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"... We present a process for validating temporal safety properties of software that uses a well-defined interface. The process requires only that the user state the property of interest. It then automatically creates abstractions of C code using iterative refinement, based on the given property. The pro ..."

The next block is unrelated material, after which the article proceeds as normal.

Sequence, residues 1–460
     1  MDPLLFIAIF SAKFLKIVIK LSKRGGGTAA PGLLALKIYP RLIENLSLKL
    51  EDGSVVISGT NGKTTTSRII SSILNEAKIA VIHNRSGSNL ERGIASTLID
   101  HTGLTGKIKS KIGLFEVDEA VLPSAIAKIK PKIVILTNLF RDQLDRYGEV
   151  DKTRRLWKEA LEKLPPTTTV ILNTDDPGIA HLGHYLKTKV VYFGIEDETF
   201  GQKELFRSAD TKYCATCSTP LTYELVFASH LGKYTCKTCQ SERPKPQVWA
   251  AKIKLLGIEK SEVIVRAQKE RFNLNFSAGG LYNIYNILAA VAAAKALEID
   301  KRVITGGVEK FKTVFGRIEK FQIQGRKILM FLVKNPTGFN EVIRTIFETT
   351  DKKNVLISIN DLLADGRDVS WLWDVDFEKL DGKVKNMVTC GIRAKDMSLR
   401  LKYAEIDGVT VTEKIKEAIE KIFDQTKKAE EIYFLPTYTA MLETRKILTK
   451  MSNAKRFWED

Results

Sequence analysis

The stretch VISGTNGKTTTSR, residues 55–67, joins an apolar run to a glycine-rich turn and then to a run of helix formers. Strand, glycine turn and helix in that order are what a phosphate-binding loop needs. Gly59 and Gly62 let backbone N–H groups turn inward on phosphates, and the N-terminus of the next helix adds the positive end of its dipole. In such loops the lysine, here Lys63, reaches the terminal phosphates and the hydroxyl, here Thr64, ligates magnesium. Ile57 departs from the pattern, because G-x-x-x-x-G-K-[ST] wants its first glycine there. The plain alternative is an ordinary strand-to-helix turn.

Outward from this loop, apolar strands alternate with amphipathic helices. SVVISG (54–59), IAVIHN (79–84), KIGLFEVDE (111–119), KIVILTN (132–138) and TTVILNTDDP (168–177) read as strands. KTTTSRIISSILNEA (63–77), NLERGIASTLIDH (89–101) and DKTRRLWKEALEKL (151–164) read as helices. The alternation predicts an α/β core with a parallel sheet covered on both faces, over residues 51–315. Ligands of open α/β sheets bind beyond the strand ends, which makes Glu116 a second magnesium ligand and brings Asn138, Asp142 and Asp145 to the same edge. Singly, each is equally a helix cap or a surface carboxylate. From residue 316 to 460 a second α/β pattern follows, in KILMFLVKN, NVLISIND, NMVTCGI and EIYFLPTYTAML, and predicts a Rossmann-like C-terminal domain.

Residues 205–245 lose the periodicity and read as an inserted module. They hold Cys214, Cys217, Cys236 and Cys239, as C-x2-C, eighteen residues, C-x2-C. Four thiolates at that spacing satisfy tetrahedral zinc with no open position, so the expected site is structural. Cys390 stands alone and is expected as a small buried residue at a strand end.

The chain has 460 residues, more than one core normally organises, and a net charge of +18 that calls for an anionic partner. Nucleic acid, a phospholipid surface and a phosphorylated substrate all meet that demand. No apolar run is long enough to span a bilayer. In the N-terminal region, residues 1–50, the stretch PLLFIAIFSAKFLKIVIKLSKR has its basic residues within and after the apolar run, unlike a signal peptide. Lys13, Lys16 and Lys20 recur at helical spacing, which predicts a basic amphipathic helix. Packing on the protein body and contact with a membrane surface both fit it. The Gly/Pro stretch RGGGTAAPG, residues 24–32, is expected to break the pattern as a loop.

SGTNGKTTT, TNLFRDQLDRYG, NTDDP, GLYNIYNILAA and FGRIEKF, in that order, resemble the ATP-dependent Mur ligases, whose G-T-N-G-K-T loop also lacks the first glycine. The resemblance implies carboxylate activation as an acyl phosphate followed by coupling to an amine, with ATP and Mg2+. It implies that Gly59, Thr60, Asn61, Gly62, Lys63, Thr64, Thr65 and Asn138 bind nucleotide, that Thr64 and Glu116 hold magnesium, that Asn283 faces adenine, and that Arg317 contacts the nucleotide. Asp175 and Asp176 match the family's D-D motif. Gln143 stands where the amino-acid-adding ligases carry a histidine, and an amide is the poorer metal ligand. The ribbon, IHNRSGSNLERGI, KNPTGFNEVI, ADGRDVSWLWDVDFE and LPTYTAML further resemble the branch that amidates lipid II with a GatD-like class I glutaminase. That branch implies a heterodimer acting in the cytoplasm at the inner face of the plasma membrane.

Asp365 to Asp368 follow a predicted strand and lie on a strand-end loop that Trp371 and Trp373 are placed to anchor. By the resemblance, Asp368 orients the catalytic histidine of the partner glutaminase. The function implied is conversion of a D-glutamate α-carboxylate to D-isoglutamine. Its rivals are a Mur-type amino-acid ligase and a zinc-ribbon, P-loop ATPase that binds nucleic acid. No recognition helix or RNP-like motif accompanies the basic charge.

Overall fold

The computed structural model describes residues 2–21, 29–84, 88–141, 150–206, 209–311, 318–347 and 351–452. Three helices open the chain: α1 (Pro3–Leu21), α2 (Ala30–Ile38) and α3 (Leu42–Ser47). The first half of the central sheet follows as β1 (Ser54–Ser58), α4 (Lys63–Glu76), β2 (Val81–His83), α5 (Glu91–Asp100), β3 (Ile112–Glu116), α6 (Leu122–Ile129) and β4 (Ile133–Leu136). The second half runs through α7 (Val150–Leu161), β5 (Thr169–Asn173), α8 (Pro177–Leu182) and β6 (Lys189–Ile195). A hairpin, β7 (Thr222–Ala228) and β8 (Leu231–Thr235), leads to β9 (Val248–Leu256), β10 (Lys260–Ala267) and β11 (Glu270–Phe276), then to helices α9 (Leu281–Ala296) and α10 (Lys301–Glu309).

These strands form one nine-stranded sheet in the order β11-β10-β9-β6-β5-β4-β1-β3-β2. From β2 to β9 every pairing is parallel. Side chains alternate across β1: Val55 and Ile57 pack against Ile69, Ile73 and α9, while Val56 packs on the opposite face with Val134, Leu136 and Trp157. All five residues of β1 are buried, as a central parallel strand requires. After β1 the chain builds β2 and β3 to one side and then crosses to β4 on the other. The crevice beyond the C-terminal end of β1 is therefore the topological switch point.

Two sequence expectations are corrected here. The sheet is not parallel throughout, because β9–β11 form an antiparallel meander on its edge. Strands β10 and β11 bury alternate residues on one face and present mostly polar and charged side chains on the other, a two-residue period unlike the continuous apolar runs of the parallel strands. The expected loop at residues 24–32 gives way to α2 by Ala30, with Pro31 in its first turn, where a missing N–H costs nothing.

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We present a process for validating temporal safety properties of software that uses a well-defined interface. The process requires only that the user state the property of interest. It then automatically creates abstractions of C code using iterative refinement, based on the given property. The process is realized in the SLAM toolkit, which consists of a model checker, predicate abstraction tool and predicate discovery tool. We have applied the SLAM toolkit to a number of Windows NT device drivers to validate critical safety properties such as correct locking behavior. We have found that the process converges on a set of predicates powerful enough to validate properties in just a few iterations. 1 Introduction Large-scale software has many components built by many programmers. Integration testing of these components is impossible or ineffective at best. Property checking of interface usage provides a way to partially validate such software. In this approach, an interface is augmented with a set of properties that all clients of the interface should respect. An automatic analysis of the client code then validates that it meets the properties, or provides examples of execution paths that violate the properties. The benefit of such an analysis is that errors can be caught early in the coding process. We are interested in checking that a program respects a set of temporal safety properties of the interfaces it uses. Safety properties are the class of properties that state that "something bad does not happen". An example is requiring that a lock is never released without first being acquired (see  for a formal definition). Given a program and a safety property, we wish to either validate that the code respects the property, or find an execution path that shows how the code violates the property.